I just finished Midnight in the Garden of Good and Evil on the train last night. I really liked this book and will definitely be looking up some other books by John Berendt. I know I’m a bit late checking in on this book, as it was published fourteen years ago and spent a record four years on the New York Times Bestseller List, but at any rate, here are my thoughts.
Berendt’s approach to characters reminded me a lot of Tom Wolfe’s Kandy-Kolored Tangerine-Flake Streamline Baby: small and separate vignettes that add up to a great portrait of an area, though lacking the New Journalism feel.
I am glad that Berendt chose to divide Midnight into two books, as the sections each have their own distinct feel, and it would have been distracting had they not been acknowledged as being different. I actually enjoyed the first half, the scenes of life in Savannah, Georgia, more than I did the second, dealing with a murder and a dramatic trial. Berendt wrote something that only an outsider to the community of Savannah could. Throughout the book he remains, seemingly, completely impartial, and it still surprises me how accepted he was into the community.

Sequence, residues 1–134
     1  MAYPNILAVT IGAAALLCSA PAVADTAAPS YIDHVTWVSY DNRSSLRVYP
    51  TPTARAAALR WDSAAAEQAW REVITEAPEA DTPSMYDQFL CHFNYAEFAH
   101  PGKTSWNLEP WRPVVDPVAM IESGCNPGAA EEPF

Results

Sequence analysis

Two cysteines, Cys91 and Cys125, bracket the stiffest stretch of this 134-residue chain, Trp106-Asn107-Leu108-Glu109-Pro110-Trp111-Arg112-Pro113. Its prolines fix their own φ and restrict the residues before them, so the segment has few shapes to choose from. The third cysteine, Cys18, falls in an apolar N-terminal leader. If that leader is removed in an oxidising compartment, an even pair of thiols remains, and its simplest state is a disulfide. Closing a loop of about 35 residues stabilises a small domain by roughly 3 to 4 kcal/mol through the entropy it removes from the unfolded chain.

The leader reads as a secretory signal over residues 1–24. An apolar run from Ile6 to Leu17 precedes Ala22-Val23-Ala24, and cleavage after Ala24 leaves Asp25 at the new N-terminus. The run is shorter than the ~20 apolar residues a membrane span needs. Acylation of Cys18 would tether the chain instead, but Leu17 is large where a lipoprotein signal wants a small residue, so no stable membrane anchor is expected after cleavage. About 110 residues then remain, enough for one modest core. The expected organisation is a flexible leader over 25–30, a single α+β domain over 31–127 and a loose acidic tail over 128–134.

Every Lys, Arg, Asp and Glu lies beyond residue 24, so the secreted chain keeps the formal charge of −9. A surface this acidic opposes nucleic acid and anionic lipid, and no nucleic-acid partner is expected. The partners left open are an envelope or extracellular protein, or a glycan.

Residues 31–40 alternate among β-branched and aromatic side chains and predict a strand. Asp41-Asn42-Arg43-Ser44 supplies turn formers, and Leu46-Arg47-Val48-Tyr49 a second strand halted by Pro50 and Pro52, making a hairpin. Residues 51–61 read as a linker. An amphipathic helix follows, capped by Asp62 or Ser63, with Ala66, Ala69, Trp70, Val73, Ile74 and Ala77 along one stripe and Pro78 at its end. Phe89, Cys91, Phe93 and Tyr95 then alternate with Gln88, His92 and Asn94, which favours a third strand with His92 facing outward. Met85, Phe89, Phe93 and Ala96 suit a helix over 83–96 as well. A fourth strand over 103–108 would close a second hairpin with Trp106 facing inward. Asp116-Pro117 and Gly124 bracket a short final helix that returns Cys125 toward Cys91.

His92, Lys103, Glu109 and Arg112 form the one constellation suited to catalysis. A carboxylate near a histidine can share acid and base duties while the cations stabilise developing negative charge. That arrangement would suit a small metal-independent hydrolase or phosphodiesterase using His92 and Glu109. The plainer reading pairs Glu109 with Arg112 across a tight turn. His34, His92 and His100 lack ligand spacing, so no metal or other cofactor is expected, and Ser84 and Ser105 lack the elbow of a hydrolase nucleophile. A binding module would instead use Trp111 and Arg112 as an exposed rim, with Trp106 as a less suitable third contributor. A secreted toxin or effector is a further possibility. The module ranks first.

It took years for Berendt to gather all the information for his book, and I have to think that when the murder occurred, he had to have felt somewhat elated at the prospect of such a great story being dropped in his lap. Maybe he didn’t; I certainly would have. At least I can admit it. The ending did feel a bit rushed, but after spending years and years watching and writing, I’m sure it was a relief just to have the process come to a close.
If you like non-fiction novels, you really should check this one out. It was one of those times when you put a book down and wish there were another three hundred pages.